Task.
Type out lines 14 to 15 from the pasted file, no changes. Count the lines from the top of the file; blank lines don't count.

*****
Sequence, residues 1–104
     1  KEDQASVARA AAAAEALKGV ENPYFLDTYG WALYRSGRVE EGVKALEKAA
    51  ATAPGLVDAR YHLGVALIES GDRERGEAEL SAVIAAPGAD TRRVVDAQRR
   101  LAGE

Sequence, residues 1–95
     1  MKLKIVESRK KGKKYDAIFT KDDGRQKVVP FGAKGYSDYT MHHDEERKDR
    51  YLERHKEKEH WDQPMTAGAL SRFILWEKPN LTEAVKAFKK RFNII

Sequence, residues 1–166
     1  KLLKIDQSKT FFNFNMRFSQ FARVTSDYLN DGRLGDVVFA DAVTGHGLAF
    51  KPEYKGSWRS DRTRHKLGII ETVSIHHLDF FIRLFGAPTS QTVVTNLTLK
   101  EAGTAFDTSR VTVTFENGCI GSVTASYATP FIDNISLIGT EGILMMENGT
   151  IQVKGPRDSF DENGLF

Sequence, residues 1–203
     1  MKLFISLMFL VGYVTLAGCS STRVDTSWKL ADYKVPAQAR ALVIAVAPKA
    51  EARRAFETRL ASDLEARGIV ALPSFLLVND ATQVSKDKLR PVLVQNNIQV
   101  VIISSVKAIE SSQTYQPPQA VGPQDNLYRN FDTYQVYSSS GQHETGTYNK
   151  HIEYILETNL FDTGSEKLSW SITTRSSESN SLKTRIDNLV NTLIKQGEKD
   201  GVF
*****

     1  MKLFISLMFL VGYVTLAGCS STRVDTSWKL ADYKVPAQAR ALVIAVAPKA
    51  EARRAFETRL ASDLEARGIV ALPSFLLVND ATQVSKDKLR PVLVQNNIQV